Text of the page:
Does Deep Freeze Mean Deep Trouble? Whitestone’s Michael Haig Explains

November 23 and 24 were the punctuation mark on a long cool growing season for Washington grape growers. With temperatures plunging from 30 degrees to -4 degrees and lower in a matter of a few days, vineyard managers were scrambling. As wineries wrapped up the 2010 harvest, doubts about the 2011 harvest lay heavy on many people’s hearts. Much of the damage will be uncertain until Spring but many areas had a lot to be thankful for over the holiday.

Washington grape growers understand hard freeze. With one coming every 5-8 years, this part of the business is nearly unavoidable. Not every region in the state is susceptible to hard freezes. Much of Washington’s grape growing region lies along the moderate temperature control of the mighty Columbia River. There are some vineyard sights in higher elevation, or away from water that can cool off quickly.

Michael Haig, of Spokane’s Whitestone Winery, manages his wineries estate vineyards off of Lake Roosevelt, an area of the Columbia River created by the Grand Coulee Dam. Michael explains the potential devastation of a hard freeze and shows how wineries check the primary, secondary and tertiary buds for damage. What makes this freeze unique and potentially damaging is how early and how quickly the freeze came. Haig says, “Over time the buds will become cold hard, which means as the temperature slowly drops, the buds can withstand colder temperatures.” Michael peels back the layers of the bud to expose a positive sign, green. The primary buds, at Michael’s vineyard, remain intact indicating a full harvest for 2011.

 Many vineyard managers I contacted held similar sentiments regarding damage, “I’ll let you know in the Spring.” An article in the Tri-Cities Herald by Andy Perdue paints a grimmer picture in certain areas of the state.

“It’s not pretty,” said Rob Andrews of McKinley Springs Vineyard in the Horse Heaven Hills. “It’s too early to tell 100 percent what is going on, but in the 30 years I’ve been growing grapes, this is the hardest I’ve ever been hit. We’re looking at a tough 2011.”

Preliminary investigation reveals little to moderate damage in most areas with Horse Heaven Hills containing pockets of greater damage. Damage will depend on grape varietal and specific topographical location for many of the vineyard blocks. The results will reveal themselves more fully with the Spring thaw.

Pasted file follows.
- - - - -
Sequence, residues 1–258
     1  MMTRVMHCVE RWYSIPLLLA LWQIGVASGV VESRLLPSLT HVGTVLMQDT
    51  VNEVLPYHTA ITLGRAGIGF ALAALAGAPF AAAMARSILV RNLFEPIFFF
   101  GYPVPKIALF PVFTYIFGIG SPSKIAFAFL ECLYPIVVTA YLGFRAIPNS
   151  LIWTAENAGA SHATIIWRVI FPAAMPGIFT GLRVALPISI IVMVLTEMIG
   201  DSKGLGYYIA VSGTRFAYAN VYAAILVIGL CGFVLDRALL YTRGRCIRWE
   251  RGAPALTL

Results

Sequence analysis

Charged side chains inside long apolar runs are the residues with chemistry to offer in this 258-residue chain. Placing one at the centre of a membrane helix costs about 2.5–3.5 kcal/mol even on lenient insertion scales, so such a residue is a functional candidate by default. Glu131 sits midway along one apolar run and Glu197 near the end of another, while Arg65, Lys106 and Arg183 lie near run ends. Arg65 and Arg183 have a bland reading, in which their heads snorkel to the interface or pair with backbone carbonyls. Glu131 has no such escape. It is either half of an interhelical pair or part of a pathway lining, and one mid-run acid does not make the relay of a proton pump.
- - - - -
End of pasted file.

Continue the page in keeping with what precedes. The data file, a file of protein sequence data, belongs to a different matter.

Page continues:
The Washington State University Viticulture and Enology program has an informative Cold Hardiness Website that breaks down the potential damage to various grape varieties. According to the site, the more cold hearty varietals include Chardonnay, Pinot Gris, and Riesling. The more fair weather grape varieties are Barbera, Mourvedre, Syrah, Cabernet Sauvignon, and Sangiovese. A mere 5 degrees can separate 10% bud loss from 90% primary bud loss.

Whitestone Winery Pieces on Earth

During my visit with Michael, he was excited to announce the second annual release of the Pieces on Earth red blend. The wine is one of four wines that make up the Pieces series (Pieces of Red, Love You to Pieces, Scared to Pieces, and Pieces on Earth). The predominately Cabernet blend is available for a limited time and has a special holiday label. The medium bodied blend has a balanced structure of dark red fruit, coffee, cigar box, and moderate cedar. The tannins are well integrated and perfect for enjoying now or with your upcoming holiday dinner. At $20, this is a solid 3+/5

Whitestone will be releasing their 2007 Merlot on December 17. From Michael:

“This is our most coveted and award winning wine. In blind competition, our Merlot has won gold at every major wine competition in the United States, along with being named Top Merlot for the State of Washington.  The 2007 vintage features rich textures of leather and spice adding deep texture to rich raspberry and currant. Ripe tannins find harmonious balance in this well structured wine, which finishes off with a long, smooth after taste. $26 bottle”

Whitestone’s Spokane tasting room is located at 111 S. Cedar and is open Noon – 6pm Thursday – Saturday. Watch their Facebook page for special events and live music when they‘re open until 9pm.


Owner of Nectar Tasting Room in Spokane, WA. (@nectarwine) Publisher of Spokane Wine Magazine (@spowinemag), author, speaker, consultant and internet marketer with Nectar Media (@nectarmedia)

One comment for “Does Deep Freeze Mean Deep Trouble? Whitestone’s Michael Haig Explains

  1. Pingback: Vinotology » December 17th – The Good, the Bad, and the Ugly

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